--Clyde Russell is a Reuters columnist. The views expressed are his own.--
By Clyde Russell
LAUNCESTON, Australia, Sept 11 (Reuters) - When the best thing you can say about new policies is that they aren't as bad as they could have been, then you know your industry is in deep trouble.
China's proposed cap on coal consumption and ban on low-quality imports won't have sparked celebrations among export-focused coal miners, but may have given them some hope that the world's top importer of the fuel will remain open for business.
The State Council, China's cabinet, on Tuesday published a draft version of a law to tighten air pollution control by cutting the use of coal, which is used to generate about 80 percent of the nation's electricity.
The draft didn't spell out exactly what the consumption cap would be, nor the quality standards that would be imposed on imported fuel.
However, industry sources say the recommendation from the National Energy Administration is that coal with a sulphur content of more than 0.6 percent and ash content of more than 15 percent be banned.
What is also interesting to note is that the proposed import ban doesn't specify heating value, meaning low-calorific coal could still be shipped in as long as it has low ash and sulphur.
At face value, this appears to favour Indonesian producers, whose low-calorific coal meets the ash and sulphur standards, while penalising exports from Australia and South Africa.
However, Morgan Stanley analysts, in a Sept. 4 report, said about 39 percent of Australian output may be excluded if the proposal becomes law.
While this sounds significant, the report points out that only a small proportion of that 39 percent of output goes to China currently, and there is still plenty of supply from the remaining 61 percent that could meet any shortfall.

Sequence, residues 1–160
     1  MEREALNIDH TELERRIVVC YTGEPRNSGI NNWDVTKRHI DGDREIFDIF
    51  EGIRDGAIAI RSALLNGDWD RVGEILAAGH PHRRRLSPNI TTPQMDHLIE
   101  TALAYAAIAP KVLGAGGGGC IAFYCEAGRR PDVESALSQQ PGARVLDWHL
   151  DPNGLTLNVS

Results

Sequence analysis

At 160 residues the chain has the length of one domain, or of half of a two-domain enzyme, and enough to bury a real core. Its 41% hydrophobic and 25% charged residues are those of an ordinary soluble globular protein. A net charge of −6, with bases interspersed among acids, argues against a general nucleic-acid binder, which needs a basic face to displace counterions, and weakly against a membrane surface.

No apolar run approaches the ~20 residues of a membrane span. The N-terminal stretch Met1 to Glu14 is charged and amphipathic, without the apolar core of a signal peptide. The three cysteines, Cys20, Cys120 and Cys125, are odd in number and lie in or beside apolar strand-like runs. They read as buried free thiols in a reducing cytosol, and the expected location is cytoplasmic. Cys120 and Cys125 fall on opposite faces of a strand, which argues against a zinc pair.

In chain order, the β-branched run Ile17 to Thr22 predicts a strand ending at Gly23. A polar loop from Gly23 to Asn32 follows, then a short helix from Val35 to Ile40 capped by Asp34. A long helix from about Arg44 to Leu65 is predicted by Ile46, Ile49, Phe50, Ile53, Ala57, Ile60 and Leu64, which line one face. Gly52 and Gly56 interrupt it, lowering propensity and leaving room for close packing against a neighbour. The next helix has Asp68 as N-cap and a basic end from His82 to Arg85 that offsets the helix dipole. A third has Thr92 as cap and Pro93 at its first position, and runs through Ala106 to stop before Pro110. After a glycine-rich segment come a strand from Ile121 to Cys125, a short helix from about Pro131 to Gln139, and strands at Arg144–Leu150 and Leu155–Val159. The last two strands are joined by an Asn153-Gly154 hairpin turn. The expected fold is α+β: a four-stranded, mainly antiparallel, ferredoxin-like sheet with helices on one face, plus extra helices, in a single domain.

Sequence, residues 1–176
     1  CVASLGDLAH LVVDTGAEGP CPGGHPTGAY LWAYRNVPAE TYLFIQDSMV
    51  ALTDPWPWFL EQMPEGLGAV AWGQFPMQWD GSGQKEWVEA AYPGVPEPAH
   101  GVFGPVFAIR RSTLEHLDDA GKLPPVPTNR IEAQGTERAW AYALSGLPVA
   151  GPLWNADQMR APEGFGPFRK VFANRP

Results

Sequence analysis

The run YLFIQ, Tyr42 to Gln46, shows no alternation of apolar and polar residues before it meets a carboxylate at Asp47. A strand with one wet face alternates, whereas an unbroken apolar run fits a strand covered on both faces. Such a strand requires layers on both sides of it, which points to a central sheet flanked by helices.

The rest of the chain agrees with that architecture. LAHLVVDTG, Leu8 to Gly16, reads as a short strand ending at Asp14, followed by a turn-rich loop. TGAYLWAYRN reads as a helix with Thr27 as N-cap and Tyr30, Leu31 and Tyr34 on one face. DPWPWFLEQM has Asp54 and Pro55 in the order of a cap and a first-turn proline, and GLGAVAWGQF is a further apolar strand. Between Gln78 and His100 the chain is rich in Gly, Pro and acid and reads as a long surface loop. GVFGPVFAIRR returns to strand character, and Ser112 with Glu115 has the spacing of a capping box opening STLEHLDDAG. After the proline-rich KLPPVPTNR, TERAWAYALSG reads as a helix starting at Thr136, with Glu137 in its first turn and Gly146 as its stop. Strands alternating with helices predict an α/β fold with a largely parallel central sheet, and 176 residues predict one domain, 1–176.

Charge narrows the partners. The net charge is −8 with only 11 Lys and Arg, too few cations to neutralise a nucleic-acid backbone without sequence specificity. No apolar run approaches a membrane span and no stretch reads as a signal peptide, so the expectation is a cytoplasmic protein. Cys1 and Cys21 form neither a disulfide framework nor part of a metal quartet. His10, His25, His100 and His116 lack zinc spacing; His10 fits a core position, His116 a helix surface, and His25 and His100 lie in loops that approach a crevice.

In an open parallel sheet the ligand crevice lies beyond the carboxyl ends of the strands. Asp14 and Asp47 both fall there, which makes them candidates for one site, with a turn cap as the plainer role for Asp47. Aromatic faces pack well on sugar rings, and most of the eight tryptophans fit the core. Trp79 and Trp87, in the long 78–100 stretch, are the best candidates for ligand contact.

It's also likely that Australian and South African producers will waste little time in trying to convince Beijing that banning high calorific coal while still allowing low calorific shipments makes little sense from a pollution perspective.
More important for exporters to China will be the overall cap on consumption, which the current five-year plans pegged at 4.1 billion tonnes by next year.
Assuming this level becomes a permanent cap, the main issue is what action Beijing will take to limit domestic production, which stood at 3.7 billion tonnes in 2013, and is likely to be around this level in 2014 as well.
If Chinese domestic output is kept around current levels, or increases slightly, it will still mean plenty of opportunities for imports. However, if the domestic industry is allowed to mine over 4 billion tonnes a year, it's likely that imports will be squeezed even harder than they are by the current low pricing.
The best case scenario for coal exporters is that the new regulations make some Chinese domestic mines unviable, thereby limiting domestic production.
The other issue facing coal miners currently is the by now customary state of uncertainty in India.
The Indian Supreme Court this week reserved judgment to an unspecified later date as to whether it would cancel the award of more than 200 coal blocks it had previously ruled illegal.
The net effect of this ruling is to delay, once again, efforts to reform the nation's beleaguered coal sector.
What is becoming clear is that the new government of Prime Minister Narendra Modi is not moving as fast as many had hoped to resolve the coal crisis.
In addition to questions over the ownership of blocks that supply private power generators and factories, state behemoth Coal India is again under the gun for failing to provide sufficient supplies to many power plants.
Coal stocks at power plants, which produce about 60 percent of the nation's power, have fallen to six days' forward cover - down nearly half since Modi's national election victory in May.
India is facing several challenges on the coal front, including uncertainty over private mine ownership, an inability to mine and transport sufficient supplies, large losses at generators forced to sell at regulated prices that are below costs and a lack of money to pay for imported fuel.
India, the second-ranked importer of coal, should, in theory, be turning to imports while it sorts out its domestic issues.
But the fact remains that loss-making generators will be reluctant, or unable, to buy imported fuel.
Perhaps it needs a repeat of a crisis on the scale of the 2012 blackout that cut power to more than half a billion people to spur Modi into action, but, for now, coal exporters can't count on higher Indian demand. (Editing by Joseph Radford)